Still, I’d like to reveal one little secret.

Not so far ago, I as a newly-appointed EU Ambassador presented my credentials to President Zelensky. And during this ceremony, the President asked me about it. Therefore, the new leadership is also interested in joining the EU.

My personal conviction is that both him and I will live to see the day when that happens. But for the moment, as you know it well, this matter is not on the negotiation table.

– The new European Commission, its future President Ursula von der Leyen says, will be the first “geopolitical commission” in the history of the EU. Does that give Ukraine more chances?

– Geopolitics is, first of all, the European Union’s place in the world and formation of its foreign policy. And foreign policy always starts with neighbors. Therefore, both Mrs. von der Leyen and the newly-appointed High Representative of the Union for Foreign Affairs and Security Policy, Josep Borrell, have clearly stressed that relationships with the neighbors, and especially Ukraine, will be a priority for the new Commission.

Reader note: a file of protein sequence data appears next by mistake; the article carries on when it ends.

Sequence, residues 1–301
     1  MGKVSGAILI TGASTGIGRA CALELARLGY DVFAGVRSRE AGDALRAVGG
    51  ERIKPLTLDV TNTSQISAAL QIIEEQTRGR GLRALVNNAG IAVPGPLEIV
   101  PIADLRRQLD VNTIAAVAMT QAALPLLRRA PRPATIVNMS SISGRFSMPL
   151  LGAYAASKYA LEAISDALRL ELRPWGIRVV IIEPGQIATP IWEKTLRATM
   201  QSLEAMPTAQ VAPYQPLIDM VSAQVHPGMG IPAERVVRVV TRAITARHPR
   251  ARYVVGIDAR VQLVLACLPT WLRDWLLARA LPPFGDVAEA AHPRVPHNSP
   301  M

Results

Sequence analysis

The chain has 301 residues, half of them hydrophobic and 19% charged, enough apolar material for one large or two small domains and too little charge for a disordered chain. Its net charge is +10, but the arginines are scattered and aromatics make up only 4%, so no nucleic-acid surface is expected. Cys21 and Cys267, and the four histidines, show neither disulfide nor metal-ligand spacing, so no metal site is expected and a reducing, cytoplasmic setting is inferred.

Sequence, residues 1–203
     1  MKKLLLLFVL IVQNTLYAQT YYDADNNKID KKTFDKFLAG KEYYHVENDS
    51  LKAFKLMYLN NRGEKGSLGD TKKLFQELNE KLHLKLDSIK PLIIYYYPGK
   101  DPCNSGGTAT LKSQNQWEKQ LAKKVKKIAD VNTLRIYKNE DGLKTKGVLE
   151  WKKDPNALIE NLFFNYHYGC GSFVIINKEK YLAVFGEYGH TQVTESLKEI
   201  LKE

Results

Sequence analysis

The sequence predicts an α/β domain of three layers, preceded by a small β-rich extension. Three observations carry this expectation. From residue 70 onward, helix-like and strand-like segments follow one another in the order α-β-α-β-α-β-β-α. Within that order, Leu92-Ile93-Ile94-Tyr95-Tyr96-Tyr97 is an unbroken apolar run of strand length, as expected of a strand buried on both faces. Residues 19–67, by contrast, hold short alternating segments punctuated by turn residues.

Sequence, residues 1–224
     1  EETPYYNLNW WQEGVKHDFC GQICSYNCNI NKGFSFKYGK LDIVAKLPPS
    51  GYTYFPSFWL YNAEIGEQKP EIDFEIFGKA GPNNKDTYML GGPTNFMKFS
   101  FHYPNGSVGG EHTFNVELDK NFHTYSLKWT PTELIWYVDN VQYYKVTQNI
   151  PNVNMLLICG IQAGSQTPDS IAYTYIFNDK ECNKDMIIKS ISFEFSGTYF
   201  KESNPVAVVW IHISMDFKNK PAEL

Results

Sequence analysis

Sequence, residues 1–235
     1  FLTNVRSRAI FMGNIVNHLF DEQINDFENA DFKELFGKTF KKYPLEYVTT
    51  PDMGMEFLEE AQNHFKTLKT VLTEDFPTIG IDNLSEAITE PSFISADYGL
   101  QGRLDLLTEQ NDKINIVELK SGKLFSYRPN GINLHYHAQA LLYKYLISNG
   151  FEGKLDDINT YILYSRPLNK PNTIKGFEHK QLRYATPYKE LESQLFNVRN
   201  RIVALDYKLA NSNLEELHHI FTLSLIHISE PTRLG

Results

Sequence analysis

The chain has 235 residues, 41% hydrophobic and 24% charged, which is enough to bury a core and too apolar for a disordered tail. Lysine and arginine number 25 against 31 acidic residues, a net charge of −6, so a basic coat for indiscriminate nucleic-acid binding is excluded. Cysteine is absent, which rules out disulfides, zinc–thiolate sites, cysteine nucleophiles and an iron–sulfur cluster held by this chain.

– According to the Association Agreement, a meeting of the higher joint body, the Association Council, is held every year, usually in December. Will it take place this year?

– It hasn’t been decided on yet. The reason is that the approval of the new European Commission took longer than expected, and the Commisison didn’t start working yet. But I can assure you: even if the meeting will be postponed, it won’t be for a long.

This meeting is very important: it will be the first time the new Ukrainian government and the new leadership of the European Commission meet, and the first attempt to build personal contact between them.

– Is it possible that this meeting will discuss the revision or update of the Association Agreement?

– I will tell you even more: I will be very surprised if the Ukrainian PM and Vice PM won’t broach this matter.

After all, Ukraine and the EU already have such an experience: we have updated the Annex 27 which concerns the energy sector. The same can be repeated in other sectors as well.